A funny thing has happened in the synth resurgence. You might think that new-found passions for analog, for names like Moog, and even for the once-fringe world of modular synths are some sort of retro trend. But make no mistake: synthesizers are like science fiction all over again.
Nowhere is that more evident than at this year's Moogfest. Alongside the expected synth legends (Keith Emerson, Kraftwerk, Giorgio Moroder, Malcom Cecil, Bernie Worrell, and more), and pioneering hardware makers (Roger Linn, Dave Smith, Tom Oberheim), you'll find a parallel narrative about the future of ... well, everything. (Image below: New Moog Werkstatt synthesizer.)
Panels investigate the sounds of space, cybernetics, and sonification. I rode in a shuttle from the airport with a guy who helped build an iPhone app that can connect to brainwaves or be viewed through VR goggles, turning downtown Asheville, North Carolina into a trippy, acid-colored world. There are researchers into futuristic musical instruments, a panel investigating the mathematics of The Simpsons and Futurama, a "future studies" expert helping to imagine where we're all headed. The science-with-sci-fi magazine OMNI enjoys a reboot, as King Britt stops by to talk afro-futurism and synthesizers. If someone proposed strapping a vintage Moog modular to a rocket and launching it into space, it'd fit right in.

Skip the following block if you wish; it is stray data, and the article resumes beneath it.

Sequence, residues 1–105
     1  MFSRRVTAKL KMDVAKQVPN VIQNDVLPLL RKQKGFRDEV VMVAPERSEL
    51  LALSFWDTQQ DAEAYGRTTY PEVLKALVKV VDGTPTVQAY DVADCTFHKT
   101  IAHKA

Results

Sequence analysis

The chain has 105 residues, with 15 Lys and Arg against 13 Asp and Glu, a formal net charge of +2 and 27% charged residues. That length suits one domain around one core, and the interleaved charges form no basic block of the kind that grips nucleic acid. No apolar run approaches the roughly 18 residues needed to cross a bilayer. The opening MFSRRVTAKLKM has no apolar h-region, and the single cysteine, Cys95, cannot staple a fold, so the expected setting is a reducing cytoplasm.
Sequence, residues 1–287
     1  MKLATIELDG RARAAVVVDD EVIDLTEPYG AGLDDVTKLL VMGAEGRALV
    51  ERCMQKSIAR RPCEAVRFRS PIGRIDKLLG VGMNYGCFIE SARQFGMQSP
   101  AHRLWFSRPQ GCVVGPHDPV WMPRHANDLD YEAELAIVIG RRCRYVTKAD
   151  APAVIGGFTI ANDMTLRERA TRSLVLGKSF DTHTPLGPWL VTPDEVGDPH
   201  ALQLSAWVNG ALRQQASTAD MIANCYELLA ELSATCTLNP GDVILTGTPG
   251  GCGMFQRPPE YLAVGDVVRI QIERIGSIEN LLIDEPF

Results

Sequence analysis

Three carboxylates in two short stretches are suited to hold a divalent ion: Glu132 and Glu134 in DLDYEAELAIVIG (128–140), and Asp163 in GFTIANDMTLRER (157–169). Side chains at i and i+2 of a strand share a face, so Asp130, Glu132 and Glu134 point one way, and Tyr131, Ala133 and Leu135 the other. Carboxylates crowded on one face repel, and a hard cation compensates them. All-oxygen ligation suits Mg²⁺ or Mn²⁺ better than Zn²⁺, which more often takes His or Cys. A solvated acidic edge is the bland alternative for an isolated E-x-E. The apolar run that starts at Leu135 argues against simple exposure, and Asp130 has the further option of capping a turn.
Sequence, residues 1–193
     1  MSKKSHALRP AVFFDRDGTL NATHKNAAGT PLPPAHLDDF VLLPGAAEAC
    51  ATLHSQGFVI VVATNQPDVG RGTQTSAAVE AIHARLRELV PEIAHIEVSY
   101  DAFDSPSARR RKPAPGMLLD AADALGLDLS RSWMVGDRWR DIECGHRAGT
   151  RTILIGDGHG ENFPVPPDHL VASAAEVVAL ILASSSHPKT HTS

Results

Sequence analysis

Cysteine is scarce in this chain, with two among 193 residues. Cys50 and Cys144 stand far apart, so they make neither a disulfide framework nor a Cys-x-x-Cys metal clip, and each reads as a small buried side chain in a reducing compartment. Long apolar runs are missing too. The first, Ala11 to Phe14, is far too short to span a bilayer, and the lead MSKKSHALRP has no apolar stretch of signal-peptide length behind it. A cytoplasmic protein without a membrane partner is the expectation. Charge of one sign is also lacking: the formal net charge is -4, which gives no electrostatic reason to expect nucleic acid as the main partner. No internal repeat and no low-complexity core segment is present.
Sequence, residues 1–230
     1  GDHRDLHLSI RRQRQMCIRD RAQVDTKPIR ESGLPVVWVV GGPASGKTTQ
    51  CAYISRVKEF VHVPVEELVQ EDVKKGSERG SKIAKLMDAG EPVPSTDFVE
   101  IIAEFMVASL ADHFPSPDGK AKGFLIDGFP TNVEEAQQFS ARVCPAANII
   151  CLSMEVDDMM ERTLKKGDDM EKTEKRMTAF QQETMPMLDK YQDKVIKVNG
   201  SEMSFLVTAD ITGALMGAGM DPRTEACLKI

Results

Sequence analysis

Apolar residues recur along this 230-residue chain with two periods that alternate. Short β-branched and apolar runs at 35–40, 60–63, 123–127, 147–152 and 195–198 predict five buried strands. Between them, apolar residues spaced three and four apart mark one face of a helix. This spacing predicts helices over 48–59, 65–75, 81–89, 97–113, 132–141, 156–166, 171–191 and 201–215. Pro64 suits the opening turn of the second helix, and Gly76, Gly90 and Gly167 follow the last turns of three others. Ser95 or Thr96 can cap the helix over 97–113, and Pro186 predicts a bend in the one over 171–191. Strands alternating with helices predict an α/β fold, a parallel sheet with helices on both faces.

I'm here reporting from sunny Asheville, North Carolina for Keyboard magazine through April 27, 2014. You can follow us here and on social medial for plenty of synth eye candy and some glimpse into what artists are doing.
Already, the opening couple of days of Moogfest have seen this kind of connection between the legacy of Moog and where electronic music and beyond can go next. In opening parties at essential Asheville music venue The Orange Peel, Flying Lotus disappeared behind a two-layer set of projections, a flurry of visuals (produced by Beeple and Strangeloop) immersing him in spiraling technicolor vortexes and Tron-like rushes of circuitry (image below).
That same stage saw Ghostly International's Matthew Dear play from inside an alien cocoon (image below).
But it was just as moving to hear the familiar strains of Keith Emerson's original Moog Modular as it sang the sweeping line of "Lucky Man." It was that role that helped cement Moog's place in popular music and not only experimental sound studios. Keith's wall of sound looks every bit as otherworldly now as ever, resembling nothing if not an evil computer from Star Trek, cascades of blinking lights and tangles of cables.
Moog themselves are revisiting that history with a rebuild of his modular, part for part. And perhaps that's the point: optimism about the past is pairing with optimism for the future.
Stay tuned to Keyboard for plenty to watch from Moogfest.